"I've got a pretty good visual memory and I remember individual scenes easily, so when it came then to the planning of the picture, what I did was tear up little bits of paper and write the names of the film and a scene on them and then spread them around on my carpet," he said.
"It's quite low-tech! After that you start to notice connections, like how I put Joker and Frozen together. One is very adult and one is child-like, and yet they have something in common."
A detailed paper-edit is then undertaken, before Cousins' editor Timo Langer comes on board.
"We're a very small team which means we can work fast and efficiently, and even though this is quite a long film, it didn't take very long to edit. We didn't have ten bosses telling us that we need a bit of George Clooney or someone else thrown in there."
He hadn't seen all the films featured in 'A New Generation' and part of the pleasure in making it was filling in gaps in his knowledge.
"The gaps are what keep me going. I'm not so interested in what I do know, but what I don't know. Ignorance is your best friend, in other words.
"The main thing that I take away is that great films happen everywhere," Cousins continued. "They happen in Hollywood, in Bollywood, in London and in Dublin and Cork and Belfast.
"If you only watch Hollywood movies - and I'm not snobby about those at all - then you're not going to find the full richness of films that is out there. Films that I am currently seeing that I think are the best are coming from Romania, Latvia, Iran and the Philippines.
"You have to have a peripheral vision and not be so Euro-centric. Lots of people from Britain and Ireland only speak English, which is a limitation but its important to look beyond your limitations."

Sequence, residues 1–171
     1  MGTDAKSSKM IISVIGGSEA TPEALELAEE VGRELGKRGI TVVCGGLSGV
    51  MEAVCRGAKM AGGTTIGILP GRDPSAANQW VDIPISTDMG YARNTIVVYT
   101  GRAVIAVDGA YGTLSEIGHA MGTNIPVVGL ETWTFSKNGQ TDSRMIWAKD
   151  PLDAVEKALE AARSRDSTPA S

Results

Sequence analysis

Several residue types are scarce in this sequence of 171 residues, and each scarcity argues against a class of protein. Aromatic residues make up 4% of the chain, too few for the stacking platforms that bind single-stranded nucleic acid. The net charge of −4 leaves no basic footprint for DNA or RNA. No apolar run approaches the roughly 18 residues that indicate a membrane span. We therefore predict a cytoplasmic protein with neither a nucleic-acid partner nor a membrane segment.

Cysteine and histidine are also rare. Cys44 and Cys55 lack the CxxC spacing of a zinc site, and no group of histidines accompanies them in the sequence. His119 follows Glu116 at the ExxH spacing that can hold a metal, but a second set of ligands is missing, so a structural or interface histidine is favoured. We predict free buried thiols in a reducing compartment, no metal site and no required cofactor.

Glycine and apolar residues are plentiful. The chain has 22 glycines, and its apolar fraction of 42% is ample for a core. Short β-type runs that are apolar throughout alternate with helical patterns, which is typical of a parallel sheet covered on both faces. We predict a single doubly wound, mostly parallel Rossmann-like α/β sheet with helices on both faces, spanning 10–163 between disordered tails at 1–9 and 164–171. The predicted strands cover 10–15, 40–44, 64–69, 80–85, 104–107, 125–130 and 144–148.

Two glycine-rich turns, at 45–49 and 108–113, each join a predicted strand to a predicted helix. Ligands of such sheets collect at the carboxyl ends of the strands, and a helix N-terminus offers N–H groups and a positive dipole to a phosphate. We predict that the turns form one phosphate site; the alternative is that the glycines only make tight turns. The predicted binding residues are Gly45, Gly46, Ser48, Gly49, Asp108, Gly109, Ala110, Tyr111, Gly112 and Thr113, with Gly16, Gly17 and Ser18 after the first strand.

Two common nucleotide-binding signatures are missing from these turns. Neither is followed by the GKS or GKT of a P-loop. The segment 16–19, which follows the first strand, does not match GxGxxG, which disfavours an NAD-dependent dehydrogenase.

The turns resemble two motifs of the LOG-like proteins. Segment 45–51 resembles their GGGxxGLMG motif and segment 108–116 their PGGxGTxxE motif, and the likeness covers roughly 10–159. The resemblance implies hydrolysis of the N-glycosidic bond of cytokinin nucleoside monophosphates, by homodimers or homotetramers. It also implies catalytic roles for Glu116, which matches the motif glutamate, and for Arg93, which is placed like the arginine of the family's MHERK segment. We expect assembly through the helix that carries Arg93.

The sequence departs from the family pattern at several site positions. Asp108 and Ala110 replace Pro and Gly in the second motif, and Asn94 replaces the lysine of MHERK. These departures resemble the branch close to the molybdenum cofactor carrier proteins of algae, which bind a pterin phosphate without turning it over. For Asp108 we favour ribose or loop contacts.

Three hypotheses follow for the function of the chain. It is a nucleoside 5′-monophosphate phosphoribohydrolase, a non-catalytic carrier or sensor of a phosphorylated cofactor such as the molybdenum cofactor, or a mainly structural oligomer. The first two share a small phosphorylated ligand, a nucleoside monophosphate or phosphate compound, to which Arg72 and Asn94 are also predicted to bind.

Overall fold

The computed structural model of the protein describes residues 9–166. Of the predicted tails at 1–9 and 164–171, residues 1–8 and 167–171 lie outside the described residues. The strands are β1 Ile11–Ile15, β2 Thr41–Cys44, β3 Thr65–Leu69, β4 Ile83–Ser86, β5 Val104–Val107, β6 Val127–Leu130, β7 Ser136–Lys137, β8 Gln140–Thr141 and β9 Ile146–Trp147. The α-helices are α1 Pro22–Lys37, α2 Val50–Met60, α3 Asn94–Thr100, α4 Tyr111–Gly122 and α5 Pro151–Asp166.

Cousins continued to say the distinction between niche and mainstream entertainment is blurring constantly.
"People who think they only like mainstream entertainment would likely be really switched on by films from other countries and in other languages," he said.
"Looking at the huge success of 'Parasite' for example, a Korean film that has opened doors to other Korean films, you would almost question the idea of 'mainstream'.
"There is of course the question of how you slide people over from watching Marvel films towards Bollywood or Arab cinema, and that's partly my job or the job of people with a voice - we're all pathfinders to other types of film."
Streaming services are increasing the exposure of previously under-appreciated genres and creators, with the example of Egyptian filmmaker Youssef Chahine coming to Cousins' mind.
"He was daring and he made films about sexuality in the Arab world. I interviewed and put him in the Story of Film, and a few years ago Netflix bought all his films and put them on the service, and that changed things a lot.
"Loads of people have discovered his work, so that would be the most obvious way of exposing people to new films because Netflix is in so many homes now."
Overall, he is optimistic about the future of cinema
"'Niche' films can and will deliver big moments of joy and fear and sadness and all those emotions that we want from mainstream cinema."
Mark Cousins’ The Story of Film: A New Generation is in cinemas and on demand from 17 December. Tickets & Info: https://www.the-story-of-film.com